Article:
Rambles and Recollections of an Indian Official eBook

William Henry Sleeman
This eBook from the Gutenberg Project consists of approximately 1,051 pages of information about Rambles and Recollections of an Indian Official.

9.  This incident still happens occasionally.

10.  For the Raja, see ante, chapter 20, [6].


The Begam Sumroo.

On the 7th of February [1836] I went out to Sardhana and visited the church built and endowed by the late Begam Sombre, whose remains are now deposited in it.[1] It was designed by an Italian gentleman, M. Reglioni, and is a fine but not a striking building.[2] I met the bishop, Julius Caesar, an Italian from Milan, whom I had known a quarter of a century before, a happy and handsome young man—­he is still handsome, though old; but very miserable because the Begam did not leave him so large a legacy as he expected.  In the revenues of her church he had, she thought, quite enough to live upon; and she said that priests without wives or children to care about ought to be satisfied with this; and left him only a few thousand rupees.  She made him the medium of conveying a donation to the See of Rome of one hundred and fifty thousand rupees,[3] and thereby procured for him the bishopric of Amartanta in the island of Cyprus; and got her grandson, Dyce Sombre, made a chevalier of the Order of Christ, and presented with a splint from the real cross, as a relic.

The Begam Sombre was by birth a Saiyadani, or lineal descendant from Muhammad, the founder of the Musalman faith; and she was united to Walter Reinhard, when very young, by all the forms considered necessary by persons of her persuasion when married to men of another.[4] Reinhard had been married to another woman of the Musalman faith, who still lives at Sardhana,[5] but she had become insane, and has ever since remained so.  By this first wife he had a son, who got from the Emperor the title of Zafar Yab Khan, at the request of the Begam, his stepmother; but he was a man of weak intellect, and so little thought of that he was not recognized even as the nominal chief on the death of his father.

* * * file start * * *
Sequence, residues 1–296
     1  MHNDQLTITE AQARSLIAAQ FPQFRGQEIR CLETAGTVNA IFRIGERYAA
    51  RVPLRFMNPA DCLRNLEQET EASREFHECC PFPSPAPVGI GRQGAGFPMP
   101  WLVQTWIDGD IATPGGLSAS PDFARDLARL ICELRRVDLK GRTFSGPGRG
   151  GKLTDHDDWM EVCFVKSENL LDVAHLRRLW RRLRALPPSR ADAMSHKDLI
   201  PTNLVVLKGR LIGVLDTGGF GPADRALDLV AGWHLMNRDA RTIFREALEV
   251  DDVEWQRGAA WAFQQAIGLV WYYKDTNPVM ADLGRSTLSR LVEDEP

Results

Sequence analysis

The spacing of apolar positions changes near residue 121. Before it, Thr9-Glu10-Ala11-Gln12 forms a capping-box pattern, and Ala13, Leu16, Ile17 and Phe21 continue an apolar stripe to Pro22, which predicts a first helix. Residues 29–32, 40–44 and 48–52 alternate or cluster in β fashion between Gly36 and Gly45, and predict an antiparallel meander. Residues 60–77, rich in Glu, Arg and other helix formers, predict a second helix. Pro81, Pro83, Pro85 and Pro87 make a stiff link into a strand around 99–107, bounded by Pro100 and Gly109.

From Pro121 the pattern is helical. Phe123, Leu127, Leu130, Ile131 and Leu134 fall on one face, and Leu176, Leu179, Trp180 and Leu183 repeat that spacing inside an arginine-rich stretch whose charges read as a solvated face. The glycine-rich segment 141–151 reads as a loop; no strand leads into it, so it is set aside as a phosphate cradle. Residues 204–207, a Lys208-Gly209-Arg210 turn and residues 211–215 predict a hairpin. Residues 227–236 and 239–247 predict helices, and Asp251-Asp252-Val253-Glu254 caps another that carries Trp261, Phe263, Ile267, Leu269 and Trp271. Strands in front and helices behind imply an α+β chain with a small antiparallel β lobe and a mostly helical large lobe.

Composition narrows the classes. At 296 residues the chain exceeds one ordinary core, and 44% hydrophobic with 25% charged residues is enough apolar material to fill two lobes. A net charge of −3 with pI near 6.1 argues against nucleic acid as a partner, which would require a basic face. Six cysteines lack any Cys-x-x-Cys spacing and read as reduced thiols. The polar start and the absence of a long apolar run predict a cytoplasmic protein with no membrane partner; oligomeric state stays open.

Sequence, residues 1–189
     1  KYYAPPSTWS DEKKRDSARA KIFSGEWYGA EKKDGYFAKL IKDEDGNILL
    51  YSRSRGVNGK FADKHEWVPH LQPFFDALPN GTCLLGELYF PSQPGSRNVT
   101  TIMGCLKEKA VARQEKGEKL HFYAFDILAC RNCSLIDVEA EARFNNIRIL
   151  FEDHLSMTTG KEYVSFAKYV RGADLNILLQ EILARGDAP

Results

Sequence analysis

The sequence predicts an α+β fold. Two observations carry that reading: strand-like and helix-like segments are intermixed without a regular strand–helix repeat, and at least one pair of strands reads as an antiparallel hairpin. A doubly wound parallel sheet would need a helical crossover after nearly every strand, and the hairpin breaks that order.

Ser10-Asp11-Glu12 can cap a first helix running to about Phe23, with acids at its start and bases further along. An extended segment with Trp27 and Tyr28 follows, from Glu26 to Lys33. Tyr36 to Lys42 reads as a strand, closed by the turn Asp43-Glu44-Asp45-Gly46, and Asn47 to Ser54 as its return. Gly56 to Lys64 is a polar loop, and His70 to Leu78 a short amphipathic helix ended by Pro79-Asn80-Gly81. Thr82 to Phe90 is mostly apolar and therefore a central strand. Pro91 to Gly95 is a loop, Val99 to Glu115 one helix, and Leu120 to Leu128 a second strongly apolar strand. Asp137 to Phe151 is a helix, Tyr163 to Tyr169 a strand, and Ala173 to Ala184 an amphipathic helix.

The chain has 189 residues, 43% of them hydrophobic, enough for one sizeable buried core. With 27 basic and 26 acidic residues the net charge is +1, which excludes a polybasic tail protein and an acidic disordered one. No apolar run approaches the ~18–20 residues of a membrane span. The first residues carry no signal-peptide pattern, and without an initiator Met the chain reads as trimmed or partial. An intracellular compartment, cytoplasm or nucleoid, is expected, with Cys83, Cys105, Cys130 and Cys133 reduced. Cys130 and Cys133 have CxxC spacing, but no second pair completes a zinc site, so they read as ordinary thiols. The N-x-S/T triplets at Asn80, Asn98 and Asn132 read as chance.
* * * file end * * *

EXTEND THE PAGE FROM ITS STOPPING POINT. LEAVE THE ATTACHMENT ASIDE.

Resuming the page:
Walter Reinhard was a native of Salzburg.  He enlisted as a private soldier in the French service, and came to India, where he entered the service of the East India Company, and rose to the rank of sergeant.[6] Reinhard got the sobriquet of Sombre from his comrades while in the French service from the sombre cast of his countenance and temper.[7] An Armenian, by name Gregory, of a Calcutta family, the virtual minister of Kasim Ali Khan,[8] under the title of Gorgin Khan,[9] took him into his service when the war was about to commence between his master and the English.  Kasim Ali was a native of Kashmir, and not naturally a bad man; but he was goaded to madness by the injuries and insults heaped upon him by the servants of the East India Company, who were not then paid, as at present, in adequate salaries, but in profits upon all kinds of monopolies; and they would not suffer the recognized sovereign of the country in which they traded to grant to his subjects the same exemption that they claimed for themselves exclusively; and a war was the consequence.[10]

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Rambles and Recollections of an Indian Official from Project Gutenberg. Public domain.
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